Kenneth Cole Outrages Twitter With Syria Joke

The fashion designer provokes social media users once again in a bid to sell shoes and accessories.
Kenneth Cole
Michael Kovac/Getty Images for Kenneth Cole

Logic dictates that once you publicly shame yourself on social media, you likely learn a lesson and never shame yourself again. That is, at least, unless you're American fashion designer Kenneth Cole, who has again taken to Twitter and used raging world conflict to help sell his mid-priced, mall-found goods. 

"'Boots on the ground' or not, let's not forget about sandals, pumps and loafers. #Footwear," read the designer's official brand Twitter account on Thursday. The tweet references the current conflict in Syria and the looming question as to whether or not the U.S. will get involved.

STORY: Kenneth Cole Apologizes After Using Cairo Uproar in Tweet to Promote Spring Collection

The tweet follows Cole's dazzling February 2011 display of foot-in-mouth syndrome, when he personally tweeted about Egypt's revolution from his company's account.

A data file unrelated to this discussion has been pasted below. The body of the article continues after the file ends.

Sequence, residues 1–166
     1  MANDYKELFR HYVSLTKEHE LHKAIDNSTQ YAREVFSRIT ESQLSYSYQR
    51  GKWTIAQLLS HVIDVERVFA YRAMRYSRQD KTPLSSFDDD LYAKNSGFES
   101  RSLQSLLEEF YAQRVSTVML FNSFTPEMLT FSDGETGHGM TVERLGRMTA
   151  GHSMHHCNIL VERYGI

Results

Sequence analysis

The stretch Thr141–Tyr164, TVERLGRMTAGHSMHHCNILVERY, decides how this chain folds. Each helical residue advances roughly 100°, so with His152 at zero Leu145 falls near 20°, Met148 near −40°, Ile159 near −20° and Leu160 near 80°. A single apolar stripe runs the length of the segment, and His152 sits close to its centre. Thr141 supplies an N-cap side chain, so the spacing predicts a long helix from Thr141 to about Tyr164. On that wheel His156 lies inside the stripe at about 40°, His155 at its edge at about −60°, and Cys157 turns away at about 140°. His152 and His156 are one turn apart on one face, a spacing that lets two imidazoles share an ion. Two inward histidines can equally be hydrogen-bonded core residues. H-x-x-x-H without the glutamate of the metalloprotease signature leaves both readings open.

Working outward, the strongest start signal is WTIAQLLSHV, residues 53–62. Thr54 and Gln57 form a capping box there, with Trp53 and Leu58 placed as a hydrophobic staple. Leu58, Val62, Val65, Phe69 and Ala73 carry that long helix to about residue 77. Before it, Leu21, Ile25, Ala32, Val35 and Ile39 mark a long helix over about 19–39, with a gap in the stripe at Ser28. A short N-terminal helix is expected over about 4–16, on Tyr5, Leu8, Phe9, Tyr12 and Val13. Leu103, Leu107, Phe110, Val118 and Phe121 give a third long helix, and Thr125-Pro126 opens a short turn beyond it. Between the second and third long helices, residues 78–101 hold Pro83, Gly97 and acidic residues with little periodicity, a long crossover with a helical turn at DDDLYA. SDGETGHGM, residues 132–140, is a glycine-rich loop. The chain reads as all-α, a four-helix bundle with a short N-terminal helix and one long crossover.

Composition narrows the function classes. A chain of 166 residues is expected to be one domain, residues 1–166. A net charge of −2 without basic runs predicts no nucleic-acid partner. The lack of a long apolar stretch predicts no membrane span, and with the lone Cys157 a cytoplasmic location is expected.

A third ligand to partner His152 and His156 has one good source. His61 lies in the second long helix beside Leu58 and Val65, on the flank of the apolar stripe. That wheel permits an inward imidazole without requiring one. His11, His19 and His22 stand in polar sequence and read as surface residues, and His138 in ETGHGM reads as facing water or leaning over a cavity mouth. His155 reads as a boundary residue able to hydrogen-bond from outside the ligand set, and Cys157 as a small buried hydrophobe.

"Millions are in uproar in #Cairo. Rumor is they heard our new spring collection is now available online at http://bit.ly/KCairo -KC."

The tweet, which has since been deleted, angered the Internet, with a #boycottkennethcole hashtag that trended soon after. 

Shortly after 9/11, Cole launched a billboard campaign with the tagline "God Dress America," which too caused public offense. 

The New York-born designer is famous for his innovative, untraditional advertising methods, having launched his namesake shoe line with a film permit and movie trailer in 1982 so he could legally market his wares on the streets of New York. 

STORY: Broadcast Networks Break in to Cover Obama's Syria Statement

Unlike his Egypt tweet, Cole's latest social media gaffe doesn't directly link back to his e-commerce store. 

In spite of Cole's less-then-stellar social media record, he is a longtime social cause activist, being one of the first fashion designers to publicly join the fight against AIDS in 1985 and funding the Community Building and Social Change fellowship program at Emory University.

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